Stuttering & Parkinson’s: Searching for Links
The connection between stuttering and Parkinson’s disease (PD) has long been discussed and is the source of speculation. Many in online PD communities have raised the question when talking about speech difficulties. But data is scarce due to the absence of extensive research.
Parkinson’s is a neurodegenerative motor disorder with no known cause or cure. Damage to neurons in the substantia nigra portion of the brain leads to a reduction in the production of dopamine. Dopamine is a neurotransmitter produced by nerve cells that signal to produce smooth, purposeful movements. This disruption is most commonly associated with the motor symptoms of tremor, rigidity, postural instability (balance), and bradykinesia (slowness of movement). It also affects the facial muscles used to produce smooth, productive speech.2
Parkinson’s affects each person differently. Not all symptoms are experienced by everyone with the disorder. Changes in speech are known as hypokinetic dysarthria, and common symptoms include2:
- Decreased breath support resulting in breathy or soft volume of speech (Hypophonia)
- Slurred, mumbled, or rapid speech (Tachyphemia) making speech difficult to understand
- A loss of inflection, pitch and volume resulting in speaking in monotone (Monopitch)
- Difficulty in finding the right words
Do you experience PD-related stuttering?
Types of stuttering: Developmental & acquired
Stuttering is a speech fluency/rhythm disorder resulting in the involuntary repetition of sounds or words that has two fundamental types: developmental and acquired stuttering. In general, stuttering is characterized as instability in the language loops of the brain resulting in disruptions in speech production.3 Palilalia is a condition with similar-presenting symptoms typically associated with advanced PD.
Developmental stuttering is the most frequent form of stuttering. It typically develops in children between the ages of 2 and 5 during language acquisition and development. The speech hesitation is most commonly in the repetition of the first word in a sentence or thought. Anxiety can contribute to the development of stuttering. Children generally grow out of their stuttering, but research has shown that it can reoccur in some people after a neurological illness or injury.
Acquired stuttering: Neurogenic stuttering
Neurogenic stuttering is a relatively rare speech fluency disorder that develops during adulthood in people with no prior history of stuttering after the occurrence of a neurological event, injury, or ongoing illness.1 An acquired form of stuttering, it affects the rhythm of speech and can initiate at any part of saying a word.7 It involves the involuntary prolongation, cessation or repetition of a sound.5 Speech can sound halting or fragmented characterized by frequent interruptions and difficulty producing words.7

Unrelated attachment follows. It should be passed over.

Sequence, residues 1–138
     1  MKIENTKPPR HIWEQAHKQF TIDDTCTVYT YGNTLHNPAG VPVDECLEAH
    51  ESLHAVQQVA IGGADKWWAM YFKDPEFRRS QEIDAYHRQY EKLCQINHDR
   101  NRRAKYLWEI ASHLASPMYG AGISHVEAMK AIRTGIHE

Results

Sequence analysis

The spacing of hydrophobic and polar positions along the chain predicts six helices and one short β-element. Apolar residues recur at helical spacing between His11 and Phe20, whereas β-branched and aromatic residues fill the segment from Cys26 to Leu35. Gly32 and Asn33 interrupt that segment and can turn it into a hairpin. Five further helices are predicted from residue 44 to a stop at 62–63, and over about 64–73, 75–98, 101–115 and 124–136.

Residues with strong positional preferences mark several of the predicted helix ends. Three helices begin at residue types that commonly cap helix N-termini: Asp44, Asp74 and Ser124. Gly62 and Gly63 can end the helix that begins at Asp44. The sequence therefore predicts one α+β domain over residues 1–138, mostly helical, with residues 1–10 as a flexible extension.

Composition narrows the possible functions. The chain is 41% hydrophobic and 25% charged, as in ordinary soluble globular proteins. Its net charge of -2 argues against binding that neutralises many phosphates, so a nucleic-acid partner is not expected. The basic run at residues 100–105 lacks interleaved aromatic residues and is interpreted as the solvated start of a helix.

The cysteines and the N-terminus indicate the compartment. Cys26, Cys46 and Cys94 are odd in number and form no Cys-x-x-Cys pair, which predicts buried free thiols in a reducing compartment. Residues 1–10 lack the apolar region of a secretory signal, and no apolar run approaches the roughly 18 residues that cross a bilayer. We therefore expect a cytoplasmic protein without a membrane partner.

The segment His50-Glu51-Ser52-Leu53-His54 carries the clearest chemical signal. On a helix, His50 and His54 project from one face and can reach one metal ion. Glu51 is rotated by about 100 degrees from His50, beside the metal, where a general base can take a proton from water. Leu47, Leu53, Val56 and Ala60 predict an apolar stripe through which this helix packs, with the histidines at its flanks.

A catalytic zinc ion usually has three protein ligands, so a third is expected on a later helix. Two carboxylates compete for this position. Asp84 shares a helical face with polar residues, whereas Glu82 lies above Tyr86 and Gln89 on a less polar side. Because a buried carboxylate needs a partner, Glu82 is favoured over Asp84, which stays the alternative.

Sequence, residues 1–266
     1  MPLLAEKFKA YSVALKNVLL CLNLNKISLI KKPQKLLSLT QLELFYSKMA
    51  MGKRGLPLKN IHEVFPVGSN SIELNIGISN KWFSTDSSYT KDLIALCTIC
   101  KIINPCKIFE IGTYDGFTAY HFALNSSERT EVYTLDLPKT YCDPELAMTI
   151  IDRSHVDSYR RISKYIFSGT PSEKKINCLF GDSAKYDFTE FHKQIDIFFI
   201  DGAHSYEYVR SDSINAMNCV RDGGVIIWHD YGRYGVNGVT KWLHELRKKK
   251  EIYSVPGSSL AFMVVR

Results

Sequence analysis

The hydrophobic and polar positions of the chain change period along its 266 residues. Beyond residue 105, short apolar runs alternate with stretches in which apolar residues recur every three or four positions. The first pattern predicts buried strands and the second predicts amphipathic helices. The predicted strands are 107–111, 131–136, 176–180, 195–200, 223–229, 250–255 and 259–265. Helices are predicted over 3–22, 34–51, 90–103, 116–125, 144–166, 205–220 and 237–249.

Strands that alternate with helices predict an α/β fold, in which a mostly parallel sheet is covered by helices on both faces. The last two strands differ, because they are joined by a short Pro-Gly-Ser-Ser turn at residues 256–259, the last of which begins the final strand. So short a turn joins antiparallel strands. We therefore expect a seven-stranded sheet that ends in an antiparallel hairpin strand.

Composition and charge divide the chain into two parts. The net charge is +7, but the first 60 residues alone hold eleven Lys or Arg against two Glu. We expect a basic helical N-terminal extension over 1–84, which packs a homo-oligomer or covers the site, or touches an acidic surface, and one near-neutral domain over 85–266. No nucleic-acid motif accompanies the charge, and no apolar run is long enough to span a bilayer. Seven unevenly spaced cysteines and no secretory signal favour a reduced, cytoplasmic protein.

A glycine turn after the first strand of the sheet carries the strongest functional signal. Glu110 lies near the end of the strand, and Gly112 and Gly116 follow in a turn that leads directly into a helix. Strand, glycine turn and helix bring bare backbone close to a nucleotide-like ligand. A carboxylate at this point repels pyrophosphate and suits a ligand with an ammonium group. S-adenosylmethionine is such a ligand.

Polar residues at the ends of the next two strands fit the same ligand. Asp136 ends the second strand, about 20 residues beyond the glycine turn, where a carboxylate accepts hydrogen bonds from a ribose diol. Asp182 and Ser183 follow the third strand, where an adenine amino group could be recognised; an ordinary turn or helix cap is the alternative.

The exact cause of neurogenic stuttering is not known. It is associated with several neurological conditions and possible locations of basal ganglia in the brain’s nervous system, which may result from a disruption in dopamine levels.4,5 People who have experienced a stroke, traumatic brain injury, epilepsy, multiple sclerosis, and Parkinson’s are among those who may develop neurogenic stuttering.5,7
Psychogenic stuttering is another acquired form. It is connected to behavioral dysfunction, which may occur after trauma or emotional, or physical stress.5,7
Stuttering with Parkinson's: Palilalia
Unlike stuttering, which has not generally been linked to Parkinson’s, palilalia is more common.3 It is a speech disorder that can resemble neurogenic stuttering.5 Associated with PD and other Parkinsonian conditions, palilalia presents as an involuntary repetition of syllables, words or phrases with increased speed and decreased volume and clarity.1,3 The presence of palilalia is likely to be found in older people with advanced stages of Parkinson’s.
How palilalia is treated
The treatment approach for developmental and neurogenic stuttering can be the same. Most often, people who stutter are under the care of a speech pathologist, someone who treats communication and swallowing disorders. They are expert in addressing the needs of people who have experienced neurological conditions including stroke, brain injury, hearing loss, and Parkinson’s disease.
Success in treatment of those with PD is often limited because respiration and breath support is affected by decreasing muscle strength. Vocal exercise is one approach, but its success is strongly correlated with the severity of other Parkinson’s symptoms. Speech pathologists work to help people with Parkinson’s coordinate their breathing and muscle movements in order to eliminate the stutter.
More research on palilalia is needed
There have been limited studies evaluating stuttering in people with PD and even those studies have very few participating subjects. There is therefore not sufficient data to make a direct correlation between stuttering and Parkinson’s disease. However, there is an association reported by some people with Parkinson’s.4
To find out more about the stuttering, and what may be causing it, consider making an appointment with a speech pathologist to get a clear diagnosis and therapeutic plan.
Do you participate in a support group for PD?